Through my first, and only, two seasons of road racing I have come to the conclusion that psychology/motivation /strength of character has a lot to play in (this) endurance sport. Initially, two and half years ago, I thought that if you trained hard eventually you would become fit enough that you’re relatively comfortable with racing, to the point that it’s tough but not stupidly demanding.
I was wrong! Greg LeMond said “It never gets easier, you just go faster.” – a true statement right
So far I have found that, no matter how fit I have been, at some point(s) in every race I have had to dig deep to really push myself to carry on and suffer. For me it normally occurs in a cross wind or any other time when I’m against the wind like trying to close/bridge a gap or doing through and off in break. I hate the wind unless it’s behind me when going up a hill. These can be make or break points in a race, where most people are near the limit of what they are physically capable of. The effort involved puts you past the pain barriers you know, you’re literally out of any comfort zone that exists and it really isn’t enjoyable when you’re in it – it doesn’t feel like you’re ‘racing’ at all, it feels like hanging on by fingertips. I have always found that whenever I am struggling it feels like the guys around me aren’t. It’s like you’re bursting a lung just to stay with the group and the others are smiling and smirking around you, it’s the start of your test of mental strength. In reality the smiles of the other riders are grimaces of pain that are masked by tinted Oakley lenses, and that guy next to you is just as close to cracking as you are! You may experience tunnel vision, the metallic taste of blood from your lungs, you’re gasping for air and your body is begging you to stop. You may begin to question yourself with ‘If I’m really struggling now and it seems no one else is, it’s nearly 1 hour to finish, there’s nochance I can finish this let alone win. I may as well give up now and save myself the effort…’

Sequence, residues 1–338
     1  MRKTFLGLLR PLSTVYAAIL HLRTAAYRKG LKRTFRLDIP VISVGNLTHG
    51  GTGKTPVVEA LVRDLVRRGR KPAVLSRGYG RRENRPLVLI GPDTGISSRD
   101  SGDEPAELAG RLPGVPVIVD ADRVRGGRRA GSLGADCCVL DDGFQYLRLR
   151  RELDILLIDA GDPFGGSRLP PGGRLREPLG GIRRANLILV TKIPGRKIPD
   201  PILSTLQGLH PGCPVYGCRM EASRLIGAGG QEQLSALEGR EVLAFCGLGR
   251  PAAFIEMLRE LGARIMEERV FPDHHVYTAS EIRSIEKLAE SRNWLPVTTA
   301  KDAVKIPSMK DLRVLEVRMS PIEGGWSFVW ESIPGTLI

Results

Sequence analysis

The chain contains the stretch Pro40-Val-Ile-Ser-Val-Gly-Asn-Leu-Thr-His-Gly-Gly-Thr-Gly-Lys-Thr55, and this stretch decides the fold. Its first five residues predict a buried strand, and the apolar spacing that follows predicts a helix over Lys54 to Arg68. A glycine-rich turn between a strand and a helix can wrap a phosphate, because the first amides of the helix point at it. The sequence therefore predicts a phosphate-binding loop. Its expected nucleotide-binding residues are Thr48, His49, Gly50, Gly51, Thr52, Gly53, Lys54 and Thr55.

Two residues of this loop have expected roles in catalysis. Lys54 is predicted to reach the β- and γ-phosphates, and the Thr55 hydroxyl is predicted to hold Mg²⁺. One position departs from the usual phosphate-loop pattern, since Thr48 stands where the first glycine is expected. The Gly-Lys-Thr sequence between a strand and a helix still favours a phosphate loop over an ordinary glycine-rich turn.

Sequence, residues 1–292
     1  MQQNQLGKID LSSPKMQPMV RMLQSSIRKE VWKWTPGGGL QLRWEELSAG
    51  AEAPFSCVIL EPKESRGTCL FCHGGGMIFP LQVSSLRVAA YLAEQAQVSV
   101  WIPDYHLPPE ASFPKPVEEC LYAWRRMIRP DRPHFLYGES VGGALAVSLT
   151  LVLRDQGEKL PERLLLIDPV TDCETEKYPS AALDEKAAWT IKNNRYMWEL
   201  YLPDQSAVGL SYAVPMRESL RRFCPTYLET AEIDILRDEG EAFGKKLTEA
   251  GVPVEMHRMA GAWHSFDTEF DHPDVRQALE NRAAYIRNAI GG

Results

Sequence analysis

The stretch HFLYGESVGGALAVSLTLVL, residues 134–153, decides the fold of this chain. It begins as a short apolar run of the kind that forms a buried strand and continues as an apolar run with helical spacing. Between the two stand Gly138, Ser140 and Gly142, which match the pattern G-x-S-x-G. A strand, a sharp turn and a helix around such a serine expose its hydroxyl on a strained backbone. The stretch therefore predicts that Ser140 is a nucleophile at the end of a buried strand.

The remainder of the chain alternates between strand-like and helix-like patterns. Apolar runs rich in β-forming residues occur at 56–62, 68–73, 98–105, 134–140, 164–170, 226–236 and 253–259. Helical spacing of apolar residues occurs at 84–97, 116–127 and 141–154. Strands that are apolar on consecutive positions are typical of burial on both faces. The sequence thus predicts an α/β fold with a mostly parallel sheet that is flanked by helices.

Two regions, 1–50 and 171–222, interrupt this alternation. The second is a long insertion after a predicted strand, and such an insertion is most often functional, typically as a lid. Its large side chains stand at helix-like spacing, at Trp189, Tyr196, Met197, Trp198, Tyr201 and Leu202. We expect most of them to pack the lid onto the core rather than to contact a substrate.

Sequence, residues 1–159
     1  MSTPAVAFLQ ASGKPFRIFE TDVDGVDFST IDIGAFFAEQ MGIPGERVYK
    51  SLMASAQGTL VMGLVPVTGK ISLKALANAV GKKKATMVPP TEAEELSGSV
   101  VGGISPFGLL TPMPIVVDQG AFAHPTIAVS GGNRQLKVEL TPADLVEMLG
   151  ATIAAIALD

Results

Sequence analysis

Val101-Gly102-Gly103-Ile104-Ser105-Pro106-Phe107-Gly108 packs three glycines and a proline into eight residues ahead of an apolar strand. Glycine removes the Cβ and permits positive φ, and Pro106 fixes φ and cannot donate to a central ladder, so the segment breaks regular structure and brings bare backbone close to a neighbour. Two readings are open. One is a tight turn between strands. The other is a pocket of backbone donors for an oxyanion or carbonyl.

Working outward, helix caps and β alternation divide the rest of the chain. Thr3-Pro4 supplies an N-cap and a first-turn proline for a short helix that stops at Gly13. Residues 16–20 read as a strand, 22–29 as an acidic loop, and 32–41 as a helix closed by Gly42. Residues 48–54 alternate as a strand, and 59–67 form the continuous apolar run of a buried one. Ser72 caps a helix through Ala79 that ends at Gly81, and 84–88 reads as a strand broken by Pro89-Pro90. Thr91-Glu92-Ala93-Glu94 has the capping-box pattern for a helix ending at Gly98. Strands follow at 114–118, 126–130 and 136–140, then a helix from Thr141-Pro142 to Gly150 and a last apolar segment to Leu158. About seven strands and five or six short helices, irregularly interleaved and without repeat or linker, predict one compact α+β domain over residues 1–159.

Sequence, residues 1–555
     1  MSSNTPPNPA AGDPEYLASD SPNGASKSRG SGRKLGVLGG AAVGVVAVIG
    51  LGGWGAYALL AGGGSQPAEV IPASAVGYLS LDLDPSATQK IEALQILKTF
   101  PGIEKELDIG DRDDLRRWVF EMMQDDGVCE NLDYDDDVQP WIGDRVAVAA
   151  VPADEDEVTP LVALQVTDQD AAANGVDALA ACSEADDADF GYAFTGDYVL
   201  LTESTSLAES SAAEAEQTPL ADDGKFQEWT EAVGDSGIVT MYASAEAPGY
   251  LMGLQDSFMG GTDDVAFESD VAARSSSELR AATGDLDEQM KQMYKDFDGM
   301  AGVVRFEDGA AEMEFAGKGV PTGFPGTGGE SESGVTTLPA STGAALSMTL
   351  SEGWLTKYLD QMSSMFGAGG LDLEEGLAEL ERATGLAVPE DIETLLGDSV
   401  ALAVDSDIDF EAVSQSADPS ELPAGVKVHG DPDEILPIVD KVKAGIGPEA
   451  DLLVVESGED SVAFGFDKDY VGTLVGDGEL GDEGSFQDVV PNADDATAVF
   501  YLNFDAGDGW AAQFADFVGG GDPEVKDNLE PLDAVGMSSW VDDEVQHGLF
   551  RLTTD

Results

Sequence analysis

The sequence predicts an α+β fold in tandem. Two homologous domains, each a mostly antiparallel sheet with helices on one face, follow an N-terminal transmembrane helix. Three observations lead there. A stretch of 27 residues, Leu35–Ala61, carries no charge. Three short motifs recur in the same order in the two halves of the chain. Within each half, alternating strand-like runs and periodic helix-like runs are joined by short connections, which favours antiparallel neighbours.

At these points in races most of the riders are at 95-98% of their physical capacity for the given duration. Those at 95% are living the dream, they are probably the guys dishing out the pain – the guys that really are smiling (on the inside) as they watch others squirming in their saddles trying to find comfort and respite from the pain. You may be this rider in one race but not the next. It is the rider you will always want to be, but circumstances dictate that you can’t and won’t always be this rider. Those at 98% are hanging on, needing to find something really special to get through. Going from 98% to 98.5% is stupidly tough, these moments give a new appreciation to small percentages, the rise from 85%-95% is nothing in comparison! It seems nigh on impossible and this is where the psychology comes in to it. I think everyone has their own way of surviving these efforts and my way is by telling myself ‘only X more minutes/seconds and it will ease off’ when X time runs out it’s ‘you’ve come this far, give it X more mintues/seconds…’ and so on. I guess its breaking down the time in to seemingly manageable, smaller, chunks… I also try to remember everyone else is suffering too but basically it’s just about trying to ignore everything that is telling you to stop. I haven’t always been successful at doing this and I have quit races before really reaching my limit, simply because I didn’t have the motivation or will to carry on suffering.
I think the ability to suffer is one of the biggest attributes for success in endurance athletes. No matter how fit you are you will have to suffer at some point! You have to want to suffer and you need to, somehow, take enjoyment from the pain even when it doesn’t end in a result… With the racing season just started it’s time to dig in, push those pain barriers and suffer for the next 6 months.